Origin & Analysis of Essential Oils

Approximately 3,000 essential oils exist throughout the world, most of which are used in the local areas from which they derive. 300 essential oils are in general use worldwide. It is helpful to know the origin of the essential oils since the origin determines their properties and characteristics. For example, geranium oils can come from Egypt, China or Madagascar - each of which has its specific characteristics.

Interestingly, the same plant can produce an oil with different properties depending on the nature of the environment in which it was grown (i.e. damp or dry soil, high or low altitude, hot or cold climate). Some oils have hundreds of biological compounds and others have few; some components are present in large amounts and others are present in very small amounts. For example, within the essential oil yuzu, there are 124 identified compounds, including 44 alcohols, 26 hydrocarbons, 12 esters, 9 ketones, 14 aldehydes, 3 phenols, and 16 miscellaneous others. The healing quality of essential oils is usually attributed to the naturally occurring chemical within them. Alcohol, for example, is said to be antibacterial and coumarins are known to be sedating.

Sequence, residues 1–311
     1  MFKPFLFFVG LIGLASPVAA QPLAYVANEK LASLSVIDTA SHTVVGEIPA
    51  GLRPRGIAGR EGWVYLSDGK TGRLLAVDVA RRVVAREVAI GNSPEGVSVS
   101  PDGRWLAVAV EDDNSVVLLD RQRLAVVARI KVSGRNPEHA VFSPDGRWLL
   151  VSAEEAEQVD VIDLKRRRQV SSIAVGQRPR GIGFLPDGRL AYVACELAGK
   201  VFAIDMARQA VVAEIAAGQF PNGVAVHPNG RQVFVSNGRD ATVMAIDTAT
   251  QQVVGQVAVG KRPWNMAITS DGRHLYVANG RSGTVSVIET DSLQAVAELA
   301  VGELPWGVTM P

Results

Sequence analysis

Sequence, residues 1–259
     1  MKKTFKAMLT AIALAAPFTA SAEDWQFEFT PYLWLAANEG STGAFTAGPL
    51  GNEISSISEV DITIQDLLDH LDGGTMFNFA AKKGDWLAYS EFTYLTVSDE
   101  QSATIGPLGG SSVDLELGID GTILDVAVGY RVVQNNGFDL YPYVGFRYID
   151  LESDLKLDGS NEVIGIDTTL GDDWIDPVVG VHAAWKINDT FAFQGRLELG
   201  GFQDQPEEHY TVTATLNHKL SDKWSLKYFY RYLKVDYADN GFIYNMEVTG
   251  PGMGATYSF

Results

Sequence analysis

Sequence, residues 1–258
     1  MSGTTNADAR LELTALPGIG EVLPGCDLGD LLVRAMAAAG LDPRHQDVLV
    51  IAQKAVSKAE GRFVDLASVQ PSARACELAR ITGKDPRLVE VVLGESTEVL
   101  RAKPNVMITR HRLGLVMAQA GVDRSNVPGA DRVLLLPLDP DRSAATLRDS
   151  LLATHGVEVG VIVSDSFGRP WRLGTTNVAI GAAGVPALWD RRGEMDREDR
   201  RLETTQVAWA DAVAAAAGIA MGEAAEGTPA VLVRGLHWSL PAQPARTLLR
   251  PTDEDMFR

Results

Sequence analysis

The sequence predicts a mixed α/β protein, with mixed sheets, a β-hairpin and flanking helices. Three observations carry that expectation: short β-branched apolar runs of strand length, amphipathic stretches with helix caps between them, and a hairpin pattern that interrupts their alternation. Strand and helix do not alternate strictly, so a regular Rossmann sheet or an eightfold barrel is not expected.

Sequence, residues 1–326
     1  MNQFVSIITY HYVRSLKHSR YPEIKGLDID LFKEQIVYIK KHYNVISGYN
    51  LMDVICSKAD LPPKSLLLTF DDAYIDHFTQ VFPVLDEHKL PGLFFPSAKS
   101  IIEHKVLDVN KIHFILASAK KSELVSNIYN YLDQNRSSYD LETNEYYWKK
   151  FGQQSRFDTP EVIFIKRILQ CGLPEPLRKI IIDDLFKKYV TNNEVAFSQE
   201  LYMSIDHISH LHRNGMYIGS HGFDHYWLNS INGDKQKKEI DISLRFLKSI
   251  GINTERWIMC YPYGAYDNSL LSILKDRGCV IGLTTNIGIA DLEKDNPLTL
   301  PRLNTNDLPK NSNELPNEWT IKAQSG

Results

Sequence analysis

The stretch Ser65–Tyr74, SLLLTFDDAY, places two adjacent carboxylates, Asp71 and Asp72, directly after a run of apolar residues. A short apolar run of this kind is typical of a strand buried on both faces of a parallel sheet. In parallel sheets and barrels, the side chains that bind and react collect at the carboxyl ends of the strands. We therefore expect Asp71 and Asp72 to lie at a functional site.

There are a variety of methods of establishing the compounds in essential oils. The best method of analyzing the makeup of essential oils is to use several procedures together to determine the chemical components. Capillary gas-liquid chromatography reveals the chemical components, and optical rotation determines the level of purity of the essential oil. Specific gravity is measured to determine that the essential oil has the correct weight. The refractive index establishes whether the material reflects the correct angle of sodium light. Together these tests determine the purity of the essential oil.